You see, through the teaching, through the meal, through the prayer, through the fellowship, God’s church was able to go out into society and proclaim the Gospel and serve those around themselves. Through the conviction and drawing of the Holy Spirit, the life of the church and the gospel proclaimed attracted many to the faith.
This is why the means of grace are so vitally important to our life together. When we are exhorted and built up, we are able to go out into the world with new energy and point to Jesus. As Jesus proclaims in Matthew 16:18, the gates of hell will not stand against God’s church, especially when we have experienced, heard, and tasted God’s grace in our own lives.
This leads us to our final consideration: what do God’s means of grace have to do with me today?
Unique Salvation History
This passage is unique for the way God unfolds his plan of salvation in history. First, he has started the church. And this is the same church that we are still in today. The God of the church in Acts is still our God, which means that his established means of grace then are for us now. We are called to partake of these means of grace as a sign of our common faith—that we all believe in the same God, who has redeemed all things, and that we love him with all we have and love those around us through service.
Subtlety, this passage calls the unbeliever to repentance through the observation of Christian life. As we see in this passage, God continually added people to his church day by day. Some days may have had more than others, but all equally as exciting. You see, through the life of the church, unbelievers observe that things are different for Christians. They see that they are devoted to a particular truth, to a particular meal, that they can talk to their God, and that they do all these things with each other. This will not entice everyone, but as the Spirit softens the hearts of unbelievers, our life together will help them to beg the question of what they are missing spiritually.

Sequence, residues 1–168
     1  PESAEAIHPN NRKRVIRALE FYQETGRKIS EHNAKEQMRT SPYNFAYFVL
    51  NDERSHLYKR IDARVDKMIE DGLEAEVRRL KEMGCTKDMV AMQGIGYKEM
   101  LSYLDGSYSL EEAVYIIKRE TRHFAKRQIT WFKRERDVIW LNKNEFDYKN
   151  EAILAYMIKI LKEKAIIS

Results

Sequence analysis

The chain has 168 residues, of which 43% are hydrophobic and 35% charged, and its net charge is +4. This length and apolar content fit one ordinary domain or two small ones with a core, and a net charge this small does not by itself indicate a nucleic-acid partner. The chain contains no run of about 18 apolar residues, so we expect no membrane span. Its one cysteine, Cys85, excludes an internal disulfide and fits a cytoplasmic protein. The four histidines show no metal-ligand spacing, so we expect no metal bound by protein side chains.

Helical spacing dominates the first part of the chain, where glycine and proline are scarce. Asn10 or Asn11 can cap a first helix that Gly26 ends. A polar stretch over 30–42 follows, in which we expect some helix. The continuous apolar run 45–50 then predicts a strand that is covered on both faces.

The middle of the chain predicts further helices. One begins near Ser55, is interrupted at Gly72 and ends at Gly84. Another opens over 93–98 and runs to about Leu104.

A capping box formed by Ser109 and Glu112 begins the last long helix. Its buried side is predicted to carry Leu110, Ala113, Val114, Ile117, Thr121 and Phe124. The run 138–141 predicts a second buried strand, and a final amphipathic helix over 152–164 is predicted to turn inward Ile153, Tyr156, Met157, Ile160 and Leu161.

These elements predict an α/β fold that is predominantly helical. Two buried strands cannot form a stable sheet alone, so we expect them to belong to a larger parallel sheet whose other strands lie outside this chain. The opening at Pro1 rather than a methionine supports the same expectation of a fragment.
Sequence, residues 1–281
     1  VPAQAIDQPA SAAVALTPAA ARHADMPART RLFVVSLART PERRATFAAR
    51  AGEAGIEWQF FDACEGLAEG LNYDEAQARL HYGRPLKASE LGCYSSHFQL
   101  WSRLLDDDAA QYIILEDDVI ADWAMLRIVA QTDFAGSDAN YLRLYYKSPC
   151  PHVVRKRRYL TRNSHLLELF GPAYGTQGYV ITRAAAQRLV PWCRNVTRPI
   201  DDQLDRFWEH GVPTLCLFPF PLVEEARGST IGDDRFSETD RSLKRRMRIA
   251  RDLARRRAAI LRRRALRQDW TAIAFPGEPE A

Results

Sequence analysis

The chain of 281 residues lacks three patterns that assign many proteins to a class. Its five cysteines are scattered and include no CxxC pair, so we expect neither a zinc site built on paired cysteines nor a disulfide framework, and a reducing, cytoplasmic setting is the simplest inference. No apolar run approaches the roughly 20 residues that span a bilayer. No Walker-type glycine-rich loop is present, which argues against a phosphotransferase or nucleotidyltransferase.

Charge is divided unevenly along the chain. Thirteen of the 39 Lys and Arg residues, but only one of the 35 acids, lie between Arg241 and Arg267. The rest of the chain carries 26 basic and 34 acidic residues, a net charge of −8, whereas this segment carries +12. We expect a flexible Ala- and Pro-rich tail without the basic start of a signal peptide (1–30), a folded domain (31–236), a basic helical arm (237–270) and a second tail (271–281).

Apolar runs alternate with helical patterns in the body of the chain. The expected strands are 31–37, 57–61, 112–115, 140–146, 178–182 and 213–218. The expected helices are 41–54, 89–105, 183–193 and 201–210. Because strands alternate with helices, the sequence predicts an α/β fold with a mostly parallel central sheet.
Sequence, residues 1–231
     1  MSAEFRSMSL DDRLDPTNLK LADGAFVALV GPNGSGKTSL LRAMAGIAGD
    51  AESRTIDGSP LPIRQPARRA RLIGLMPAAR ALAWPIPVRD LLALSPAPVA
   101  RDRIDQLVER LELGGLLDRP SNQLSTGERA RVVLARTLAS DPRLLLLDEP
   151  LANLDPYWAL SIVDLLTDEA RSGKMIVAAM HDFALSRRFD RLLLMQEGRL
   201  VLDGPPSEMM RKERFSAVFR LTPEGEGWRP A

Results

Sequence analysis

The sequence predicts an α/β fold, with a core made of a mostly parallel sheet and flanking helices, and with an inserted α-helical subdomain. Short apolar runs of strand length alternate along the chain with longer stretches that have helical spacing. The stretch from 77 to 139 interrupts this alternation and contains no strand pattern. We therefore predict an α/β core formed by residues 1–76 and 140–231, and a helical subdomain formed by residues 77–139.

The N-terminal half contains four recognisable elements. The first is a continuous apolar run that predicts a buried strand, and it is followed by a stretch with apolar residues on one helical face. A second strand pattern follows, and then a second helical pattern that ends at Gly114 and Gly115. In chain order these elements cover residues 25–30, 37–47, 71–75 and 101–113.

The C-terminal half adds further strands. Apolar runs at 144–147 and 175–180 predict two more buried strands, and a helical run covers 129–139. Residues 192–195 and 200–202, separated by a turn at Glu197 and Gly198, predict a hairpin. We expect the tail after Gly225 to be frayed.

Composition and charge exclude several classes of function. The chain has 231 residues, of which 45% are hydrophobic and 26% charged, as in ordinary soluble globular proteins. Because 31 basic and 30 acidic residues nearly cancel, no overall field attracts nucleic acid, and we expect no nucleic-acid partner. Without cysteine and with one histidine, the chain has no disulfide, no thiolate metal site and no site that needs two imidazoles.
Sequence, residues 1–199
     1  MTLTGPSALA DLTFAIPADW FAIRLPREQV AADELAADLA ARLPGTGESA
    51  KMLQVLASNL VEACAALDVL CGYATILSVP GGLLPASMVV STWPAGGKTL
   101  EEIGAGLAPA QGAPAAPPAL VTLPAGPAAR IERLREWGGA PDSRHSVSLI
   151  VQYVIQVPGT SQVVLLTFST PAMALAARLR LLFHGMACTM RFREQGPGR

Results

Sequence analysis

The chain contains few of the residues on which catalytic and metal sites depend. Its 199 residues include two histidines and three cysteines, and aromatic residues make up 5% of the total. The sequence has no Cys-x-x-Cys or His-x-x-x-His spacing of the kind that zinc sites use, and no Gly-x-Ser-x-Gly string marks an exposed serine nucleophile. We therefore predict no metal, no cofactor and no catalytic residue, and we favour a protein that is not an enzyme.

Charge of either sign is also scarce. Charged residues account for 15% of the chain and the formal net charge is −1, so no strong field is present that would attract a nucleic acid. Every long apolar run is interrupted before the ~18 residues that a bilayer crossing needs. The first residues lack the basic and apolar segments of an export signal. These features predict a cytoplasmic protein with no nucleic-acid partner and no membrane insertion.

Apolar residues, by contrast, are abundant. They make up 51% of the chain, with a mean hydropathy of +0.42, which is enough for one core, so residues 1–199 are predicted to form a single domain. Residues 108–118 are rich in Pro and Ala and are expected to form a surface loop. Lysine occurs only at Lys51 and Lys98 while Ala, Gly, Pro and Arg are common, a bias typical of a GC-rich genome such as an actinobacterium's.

Christ is typed in this passage through the establishing of the community and the means of grace. Jesus has established his church and it will endure because of him. Jesus’ work is also instilled in us through the means of grace. While we don’t see him in this passage, the effects of his work are still observed. Remember, just prior to our passage today, Jesus poured out the Spirit on his disciples. What we read in this passage are the fruits of that outpouring on the people of God.
Unity in Diversity
The means of grace unify us under Jesus. As mentioned before, they begin to shape who we are and more into the image of Christ. We will begin to not see each other as enemies, but as friends; not as strangers, but neighbors, not as competitors, but collaborators. However, the means of grace do not erase our diversity. Each one of us has a unique gifting, calling, and life experiences. We should seek to employ our uniqueness for the benefit of others. This is not some sort of competition, and we shouldn’t try to have skill in everything. Instead, we should rely on others for what they have been gifted in when we are lacking.